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Galerie Depardieu

Bernard Pourrière Random walks, 2017 © DR
Bernard Pourrière Random walks, 2017 © DR

Depardieu Gallery


6 Rue Dr Jacques Guidoni, 06000 Nice

Bernard Pourrière Random walks, 2017 © DR
Bernard Pourrière Random walks, 2017 © DR

Bernard Pourrière

Programmed works

« The body is always elsewhere, elsewhere than in the world, because it is around it that things are arranged, it is in relation to it that there is a top and a bottom, a right and a left, a near and a far, the body is the zero point of the world, it is nowhere and yet at the heart of the world, it has no place and yet it is from it that all places emerge and radiate »

Michel Foucault, Le Corps utopique.



2022 – 03’00 » – Black and White


Meeting with Dominique Angel’s workshop. A look at our two workshops. Body sculpture – body in movement. Thanks to Dominique Angel.


À distance

2020 – 02’50 » – Color


The performance « à distance » was realized with Colette Colomb who is a musician, and it was during, and this during the period of confinement in France. We worked at a distance through screens and microphones, each one in its workshop where we tried to divert some parameters that the computer imposed on us. A work based on exchange, involving a hybrid digital writing combining visual and sound media.


Random walks

2017 – 02’34 » – Color


Performance was realized during a residency in Hanoi with the dancers, Nguyen Dung Hanh and Tran Kha Ai. 

The everyday city is a field of experience and enrichment that remains the raw material of the work. A collection of sounds and gestures of daily life is organized from routes in Hanoi. Gymnastics and dance are everywhere in this city.


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Daniel Rothbart © Chrystèle Burlot
Daniel Rothbart © Chrystèle Burlot

Daniel Rothbart

Programmed works

“Daniel Rothbart was born in California and raised in Oregon, a state that faces Asia, a familiar fact with important implications for his art. Among the objects that wash up on the Oregon coast are floats from Japanese fishing nets : green glass globes of different sizes. Gathering a supply of these beach globes, Rothbart encases up to twenty of them in open structures of bent aluminum wire. Connecting the structures in a long, winding line, he produces a sculpture that looks like the house on the floor of a gallery and even more so when he floats it on a body of water. The surrounding currents bring this floating structure to life. …Less marked by the water than embraced by it, Rothbart’s glass and aluminum sculptures become elements perfectly integrated into their immediate environment. »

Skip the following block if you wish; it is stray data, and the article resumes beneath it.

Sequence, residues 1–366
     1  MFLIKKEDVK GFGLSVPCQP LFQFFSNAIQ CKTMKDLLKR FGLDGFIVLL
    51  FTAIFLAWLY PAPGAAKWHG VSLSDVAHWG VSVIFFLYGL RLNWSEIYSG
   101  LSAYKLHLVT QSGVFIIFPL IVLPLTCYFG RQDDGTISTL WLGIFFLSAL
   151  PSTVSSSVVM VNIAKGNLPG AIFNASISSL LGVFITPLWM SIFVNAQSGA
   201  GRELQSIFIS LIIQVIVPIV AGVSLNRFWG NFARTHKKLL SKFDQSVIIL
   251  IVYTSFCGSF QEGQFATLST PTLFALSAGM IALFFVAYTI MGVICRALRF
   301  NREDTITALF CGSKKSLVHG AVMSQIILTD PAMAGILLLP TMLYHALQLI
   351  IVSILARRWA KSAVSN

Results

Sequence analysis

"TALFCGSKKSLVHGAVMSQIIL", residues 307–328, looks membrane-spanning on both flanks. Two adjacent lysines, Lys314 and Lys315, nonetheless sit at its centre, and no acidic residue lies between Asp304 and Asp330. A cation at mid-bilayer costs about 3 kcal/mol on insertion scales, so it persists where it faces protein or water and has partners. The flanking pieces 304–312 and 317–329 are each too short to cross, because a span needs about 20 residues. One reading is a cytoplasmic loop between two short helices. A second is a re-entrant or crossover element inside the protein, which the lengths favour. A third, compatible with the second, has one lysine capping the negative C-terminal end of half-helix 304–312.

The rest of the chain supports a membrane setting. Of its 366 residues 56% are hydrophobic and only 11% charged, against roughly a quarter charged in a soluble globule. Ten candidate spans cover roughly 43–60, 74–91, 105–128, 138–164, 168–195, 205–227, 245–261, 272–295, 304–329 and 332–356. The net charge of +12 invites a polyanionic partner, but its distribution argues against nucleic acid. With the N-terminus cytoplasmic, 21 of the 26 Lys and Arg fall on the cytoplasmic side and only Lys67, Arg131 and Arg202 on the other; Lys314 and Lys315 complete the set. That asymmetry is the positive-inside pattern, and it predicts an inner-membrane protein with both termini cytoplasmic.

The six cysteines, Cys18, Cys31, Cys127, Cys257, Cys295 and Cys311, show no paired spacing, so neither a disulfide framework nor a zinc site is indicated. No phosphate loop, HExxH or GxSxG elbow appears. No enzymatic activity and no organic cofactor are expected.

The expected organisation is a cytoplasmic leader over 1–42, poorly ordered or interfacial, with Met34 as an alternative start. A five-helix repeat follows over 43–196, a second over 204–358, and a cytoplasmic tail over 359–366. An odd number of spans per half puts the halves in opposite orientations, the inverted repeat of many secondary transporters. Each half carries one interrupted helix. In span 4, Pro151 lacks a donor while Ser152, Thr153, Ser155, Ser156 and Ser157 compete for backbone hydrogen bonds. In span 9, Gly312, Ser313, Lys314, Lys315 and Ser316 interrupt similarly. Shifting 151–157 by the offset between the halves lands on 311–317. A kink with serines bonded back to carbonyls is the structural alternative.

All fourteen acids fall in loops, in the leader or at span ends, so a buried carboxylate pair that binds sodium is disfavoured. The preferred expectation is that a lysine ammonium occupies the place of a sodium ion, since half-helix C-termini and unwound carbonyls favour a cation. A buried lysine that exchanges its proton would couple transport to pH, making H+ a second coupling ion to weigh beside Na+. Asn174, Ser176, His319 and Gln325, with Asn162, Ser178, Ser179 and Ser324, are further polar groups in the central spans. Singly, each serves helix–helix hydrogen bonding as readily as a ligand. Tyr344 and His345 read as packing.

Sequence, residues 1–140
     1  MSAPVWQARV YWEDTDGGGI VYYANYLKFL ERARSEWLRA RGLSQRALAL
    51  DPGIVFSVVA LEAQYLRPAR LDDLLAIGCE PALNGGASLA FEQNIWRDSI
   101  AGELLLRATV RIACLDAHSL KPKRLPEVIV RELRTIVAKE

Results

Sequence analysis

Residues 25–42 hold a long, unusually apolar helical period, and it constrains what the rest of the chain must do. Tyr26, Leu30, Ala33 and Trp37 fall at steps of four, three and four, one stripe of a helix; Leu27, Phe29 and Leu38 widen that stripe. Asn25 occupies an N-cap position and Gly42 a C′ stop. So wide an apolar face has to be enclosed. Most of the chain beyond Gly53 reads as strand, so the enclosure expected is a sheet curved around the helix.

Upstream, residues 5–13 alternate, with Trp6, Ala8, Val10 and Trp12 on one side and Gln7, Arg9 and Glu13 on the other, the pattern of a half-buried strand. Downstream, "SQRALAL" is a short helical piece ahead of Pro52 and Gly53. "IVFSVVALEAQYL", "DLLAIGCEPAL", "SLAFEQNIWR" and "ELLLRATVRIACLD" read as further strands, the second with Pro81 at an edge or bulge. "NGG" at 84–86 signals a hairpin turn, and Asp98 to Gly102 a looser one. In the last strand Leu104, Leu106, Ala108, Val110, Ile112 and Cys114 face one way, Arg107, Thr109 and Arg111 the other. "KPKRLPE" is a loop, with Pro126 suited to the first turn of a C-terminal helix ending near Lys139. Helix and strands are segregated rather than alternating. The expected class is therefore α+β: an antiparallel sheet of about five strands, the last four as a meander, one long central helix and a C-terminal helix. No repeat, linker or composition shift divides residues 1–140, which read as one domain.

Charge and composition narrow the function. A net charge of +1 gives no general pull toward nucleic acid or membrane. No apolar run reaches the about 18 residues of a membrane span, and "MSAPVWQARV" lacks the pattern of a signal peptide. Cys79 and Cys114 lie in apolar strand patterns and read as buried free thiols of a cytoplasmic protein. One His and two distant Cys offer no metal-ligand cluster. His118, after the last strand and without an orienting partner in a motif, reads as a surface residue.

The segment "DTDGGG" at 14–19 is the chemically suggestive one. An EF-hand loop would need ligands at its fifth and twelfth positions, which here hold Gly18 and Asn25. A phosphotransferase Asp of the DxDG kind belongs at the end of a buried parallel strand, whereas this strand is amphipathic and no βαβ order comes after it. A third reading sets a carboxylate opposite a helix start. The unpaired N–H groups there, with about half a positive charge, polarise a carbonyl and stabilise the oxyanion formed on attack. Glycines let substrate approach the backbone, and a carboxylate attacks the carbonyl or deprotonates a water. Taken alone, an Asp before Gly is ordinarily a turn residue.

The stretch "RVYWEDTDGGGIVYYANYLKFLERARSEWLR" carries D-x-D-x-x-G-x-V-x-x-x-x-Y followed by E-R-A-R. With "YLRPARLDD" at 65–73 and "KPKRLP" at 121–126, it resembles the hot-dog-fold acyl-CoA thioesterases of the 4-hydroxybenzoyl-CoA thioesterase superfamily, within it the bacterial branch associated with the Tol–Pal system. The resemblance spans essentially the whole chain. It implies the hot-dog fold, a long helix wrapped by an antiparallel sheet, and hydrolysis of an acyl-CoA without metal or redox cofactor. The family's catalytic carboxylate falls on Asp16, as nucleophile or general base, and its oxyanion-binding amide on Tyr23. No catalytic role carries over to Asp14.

Flottille : une installation sculpturale flottante au lac Oakdale

2020 – 04:54 – Color


Flotilla, Daniel Rothbart’s constellation of floating sculpture, consists of aluminum arabesques welded around shapeshifting spheres of found glass, creating serpentine chain forms that move freely in the water. The COVID-19 pandemic along with storms and fires linked to climate change have underscored humankind’s vulnerability to adverse consequences of manipulating nature. Rothbart’s sculpture has origins in the distant past and implications for an uncertain future. This short film explores the installation from above, using radical perspectives, movement, and sound to explore the relationship between sculpture and the natural world. Drone videography by Alon Koppel. Empty Vessels Make the Loudest Sound by Patrick Grant © 2014 Peppergreen Media (ASCAP).


Horloges à eau : une installation sculpturale flottante dans la rivière Hudson 

2021 – 09:26 – Color


Accompanied by a reading of Dante’s Inferno, “Canto XIV” by Carlo Giuliano, this short film explores the relationship of Rothbart’s floating sculptures to their environment in the Hudson River from multiple perspectives. In the poem, Virgil explains the source of four rivers in the underworld. Tears flow from the cracks in a broken statue that lies beneath a mountain on the Island of Crete. Sited offshore, near rusty, delapidated equipment of a cement factory, this installation juxtaposes natural beauty and colorful sunsets of the Hudson River with industrial architecture that evokes human insensitivity and greed.


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